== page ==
Anxious and depressed, Alexandra Capelouto, 19, a student at Arizona State University, noticed an ad for the opiate oxycontin in social media on the internet. She made the purchase and swallowed the pill, not knowing it was laced with deadly fentanyl. She soon died of suffocation. Her grieving father Matt said “she was a casualty of a war not being fought.The terrorist organization which is responsible for more American deaths than any other is operating unabated just a few miles south of our border.”
The Mexican drug cartels, in fact, are blamed for100 thousand American deaths from overdose in a year’s time – a record probably to be surpassed this year, making it a very Happy New Year for the cartels. if for nobody else. The 2000 mile border is largely open to migrants of all countries and attitudes and to drugs. Fentanyl is the choice and the most dangerous. Yet the current U.S. Government is more preoccupied with the Ukrainian border than its own. Some elements are even urging war with Russia rather than with the immediate threat of the cartels now inside the country.
Seizing the opportunity of a seemingly complacent U.S, the cartels have moved fast. When I was in the Mojave desert of California last July, people talked of a thousand cartel farms in the region. Now the Louisville Courier Journal reports some ten thousand of varying size in Mendocino alone, a county in northern California. Local law enforcement is overwhelmed. Twenty-one police must patrol an area of 3506 square miles. “I’m fighting a dragon with a needle,” Sheriff Matt Kendall told the Courier Journal in its week long investigation, a rarity for a mostly indifferent media.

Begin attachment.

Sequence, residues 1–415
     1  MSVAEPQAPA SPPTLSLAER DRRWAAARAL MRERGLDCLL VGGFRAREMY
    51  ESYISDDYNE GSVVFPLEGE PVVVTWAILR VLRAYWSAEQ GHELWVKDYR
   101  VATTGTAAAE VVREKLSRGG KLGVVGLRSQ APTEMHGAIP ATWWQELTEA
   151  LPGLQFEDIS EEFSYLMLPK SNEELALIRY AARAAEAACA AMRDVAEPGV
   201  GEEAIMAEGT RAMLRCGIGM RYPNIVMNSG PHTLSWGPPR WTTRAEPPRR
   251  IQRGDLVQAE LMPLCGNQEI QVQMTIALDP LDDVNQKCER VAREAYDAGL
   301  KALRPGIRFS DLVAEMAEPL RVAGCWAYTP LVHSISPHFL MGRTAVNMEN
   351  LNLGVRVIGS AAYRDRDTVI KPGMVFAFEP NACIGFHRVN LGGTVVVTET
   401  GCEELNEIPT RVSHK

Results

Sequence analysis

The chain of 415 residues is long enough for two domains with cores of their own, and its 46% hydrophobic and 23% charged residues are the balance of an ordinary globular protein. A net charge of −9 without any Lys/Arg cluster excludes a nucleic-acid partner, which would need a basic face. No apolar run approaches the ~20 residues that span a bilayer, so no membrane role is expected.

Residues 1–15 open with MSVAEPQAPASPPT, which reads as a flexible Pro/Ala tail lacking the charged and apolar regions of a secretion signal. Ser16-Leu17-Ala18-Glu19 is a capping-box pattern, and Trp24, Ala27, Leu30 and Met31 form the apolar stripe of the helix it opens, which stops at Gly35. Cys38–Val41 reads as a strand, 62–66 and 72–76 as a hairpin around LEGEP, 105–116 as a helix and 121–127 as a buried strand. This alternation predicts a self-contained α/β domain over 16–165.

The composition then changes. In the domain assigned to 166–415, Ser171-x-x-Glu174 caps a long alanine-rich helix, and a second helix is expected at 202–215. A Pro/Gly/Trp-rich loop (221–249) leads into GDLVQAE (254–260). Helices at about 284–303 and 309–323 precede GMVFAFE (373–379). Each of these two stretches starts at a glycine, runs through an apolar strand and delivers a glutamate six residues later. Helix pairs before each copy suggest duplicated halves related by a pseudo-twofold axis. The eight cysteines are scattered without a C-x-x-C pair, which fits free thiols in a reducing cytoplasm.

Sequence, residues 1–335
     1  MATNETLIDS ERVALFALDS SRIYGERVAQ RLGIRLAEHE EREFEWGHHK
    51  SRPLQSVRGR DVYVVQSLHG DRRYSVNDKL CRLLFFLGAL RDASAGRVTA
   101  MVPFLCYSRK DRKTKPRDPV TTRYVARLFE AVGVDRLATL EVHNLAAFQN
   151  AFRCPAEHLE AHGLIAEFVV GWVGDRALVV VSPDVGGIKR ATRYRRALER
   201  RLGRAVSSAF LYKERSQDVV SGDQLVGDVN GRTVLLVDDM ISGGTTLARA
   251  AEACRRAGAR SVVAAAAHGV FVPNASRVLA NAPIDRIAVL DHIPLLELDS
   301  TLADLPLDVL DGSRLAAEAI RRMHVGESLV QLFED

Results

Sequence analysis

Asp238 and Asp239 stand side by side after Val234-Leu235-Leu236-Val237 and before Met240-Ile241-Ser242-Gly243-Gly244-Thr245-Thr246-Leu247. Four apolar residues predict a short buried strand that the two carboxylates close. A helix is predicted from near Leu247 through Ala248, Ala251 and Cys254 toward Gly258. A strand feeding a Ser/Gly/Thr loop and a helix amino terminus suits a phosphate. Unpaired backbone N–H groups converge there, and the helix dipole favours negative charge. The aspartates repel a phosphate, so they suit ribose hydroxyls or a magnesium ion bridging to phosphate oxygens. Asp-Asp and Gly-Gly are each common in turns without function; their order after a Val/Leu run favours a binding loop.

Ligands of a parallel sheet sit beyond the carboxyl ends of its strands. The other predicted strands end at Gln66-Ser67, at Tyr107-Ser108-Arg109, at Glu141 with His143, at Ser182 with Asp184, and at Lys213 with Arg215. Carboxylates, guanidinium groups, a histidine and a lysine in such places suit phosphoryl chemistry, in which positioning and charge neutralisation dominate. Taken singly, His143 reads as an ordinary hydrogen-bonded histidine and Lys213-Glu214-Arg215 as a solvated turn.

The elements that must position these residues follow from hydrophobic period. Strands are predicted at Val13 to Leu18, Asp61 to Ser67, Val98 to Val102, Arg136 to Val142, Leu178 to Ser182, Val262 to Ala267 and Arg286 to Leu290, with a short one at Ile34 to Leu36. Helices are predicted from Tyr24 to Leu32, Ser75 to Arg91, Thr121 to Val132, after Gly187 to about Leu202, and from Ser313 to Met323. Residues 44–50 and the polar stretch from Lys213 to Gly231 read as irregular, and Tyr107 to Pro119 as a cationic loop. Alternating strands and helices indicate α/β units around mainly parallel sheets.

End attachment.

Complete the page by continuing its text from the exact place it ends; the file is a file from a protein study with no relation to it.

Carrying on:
The aim of the cartels is to undercut the legitimate marijuana growers who are subject to taxes and regulations. With this advantage the cartel farms keep to themselves, well protected by guns, fences, security cameras and pit bulls. Signs warn “Keep out.” People do in a climate of fear. Dead bodies have turned up along with unexplained disappearances. Are we becoming Mexico? people ask, noting despondently the excessive trash around the farms, the poaching of water in a time of drought, the chemicals contaminating the soil and killing wildlife.
The Epoch Times reports a similar situation in Oregon, where hundreds of workers are brought north from Mexico to work at the farms in a kind of “narco-slavery.” People living quietly in rural areas are astonished by the sudden onset of noisy night and day operations with trucks coming in and out, guns firing, music blaring. Still, property prices have skyrocketed. Residents can’t afford to buy, but cartels can. With the legalization of marijuana in much of the U,S., the cartels must grow it here to keep its share of the market. This they do by selling it throughout the country. They are also aware that they thrive best where the state is weakest. That is how they basically took over Mexico, according to a new book by Benjamin West, “The Dope,” a history of Mexican narcotics. The cartels used to have to pay authorities to do business. Now they are the authorities who collect the pay. It may be no coincidence that the farms are sprouting in states like Oregon and California which are in disarray from crime and poor government and thus vulnerable to cartel intrusion. The question is how far will it go?